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Full Version: How protective and useful was Lorica Squamata?
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How protective and useful was Roman scale armour. It seems to be used a lot in the Imperial era as most Legionaires in the Trajan Trophy in Dacia. How does it compare to the Segmentata and Hamata?

The Scales are about 0.5 to 0.8mm thick. Which when their overlap they will form about 1mm to 1.6mm of protection. The Lorica Segmentata is about 1.5 to 2mm in plate thickness so when overlapped will provide 3 to 4mm thick in protection. How correct am I? Against arrow fire the Segmentata seems to be better. How the Hamata compares in penetration, I'm not too sure.

Against a crushing blow, it is believed the Squamata outpreforms of Hamata, although the Squamata breaks a lot easier. How does it preform compared to the Dacian Falx to the Hamata? The Segmentata is believed to be easily sliced through by the Falx, why Chainmail is absorbs the blow. Both the Squamata and the Hamata provide better coverage as shown in Trajan's Trophy in Dacia.
All kinds of armour perform the task that they were designed for. If they didn't then they would be augmented till they did or they would be discarded. We can be pretty sure that anyone who wore body armour in battle regardless of whether it was mail, or scale, or plate expected it to protect him adequately - even against the much-hyped Dacian falx. If you want to learn why soldiers chose the types of armour they did then protection is not the issue. You need to look at other aspects such as cost, weight, manufacturing limitations, availability of raw materials, comfort, transportability, ease of repair, longevity, fashion, tradition, etc.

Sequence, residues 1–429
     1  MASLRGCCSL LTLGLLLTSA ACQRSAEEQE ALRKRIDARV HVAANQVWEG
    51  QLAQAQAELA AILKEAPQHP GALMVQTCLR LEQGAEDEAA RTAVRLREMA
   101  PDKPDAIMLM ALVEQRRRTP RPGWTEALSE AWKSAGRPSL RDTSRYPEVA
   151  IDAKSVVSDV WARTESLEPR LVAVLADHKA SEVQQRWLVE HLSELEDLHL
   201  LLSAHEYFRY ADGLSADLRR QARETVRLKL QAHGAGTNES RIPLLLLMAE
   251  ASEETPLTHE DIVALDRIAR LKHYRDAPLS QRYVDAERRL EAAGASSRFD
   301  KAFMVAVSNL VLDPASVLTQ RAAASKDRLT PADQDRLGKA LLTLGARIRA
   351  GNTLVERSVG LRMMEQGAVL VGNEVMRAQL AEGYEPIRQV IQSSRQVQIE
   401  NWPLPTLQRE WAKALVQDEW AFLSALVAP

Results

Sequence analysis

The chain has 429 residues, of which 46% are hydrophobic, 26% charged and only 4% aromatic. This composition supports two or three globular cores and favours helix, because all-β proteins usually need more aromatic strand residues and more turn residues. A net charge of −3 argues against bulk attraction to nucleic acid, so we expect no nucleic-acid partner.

The main problem with scale/lamellar armour is not its protective capacity but its longevity. It deteriorates quickly on campaign, and is a hassle to repair and keep clean. Here are a couple of sources talking about the problems with this kind of armour:

This is from The Nihayat al-Su’l

"If, during the winter, the armour gets wet or damp from rain, he must examine its leather straps and its connections carefully and wipe off any dampness or mud from its individual pieces and any wetness from its laces. If he fails to do this, the inside of it will rot and it will become out of shape. Such rotting shows negligence and carelessness."

This is from Chukokatchu Seisakuben

"When soaked with water the armour becomes very heavy and cannot be quickly dried; so that in summer it is oppressive and in winter liable to freeze. Moreover, no amount of washing will completely free the lacing from any mud or blood which may have penetrated it, and on long and distant campaigns it becomes evil-smelling and overrun by ants and lice, with consequent ill effects on the health of the wearer."
And yet it was used in campaigns for a very long time, suggesting that perhaps it was not always as problematic as these sources would suggest.

Also, I would be wary of presenting squamata and lamellar as the same type of armour. Although both utilise small plates, lamellar makes use of a far greater amount of lacing, much of which is exposed. Any lacing in squamata is likely to be hidden and less subject to some of the complaints listed above. Additionally, if a lace being used to hold a row of scales onto a squamata was damaged, it would not be at all difficult to effect a fairly quick and easy repair, even by a reasonably low skilled individual.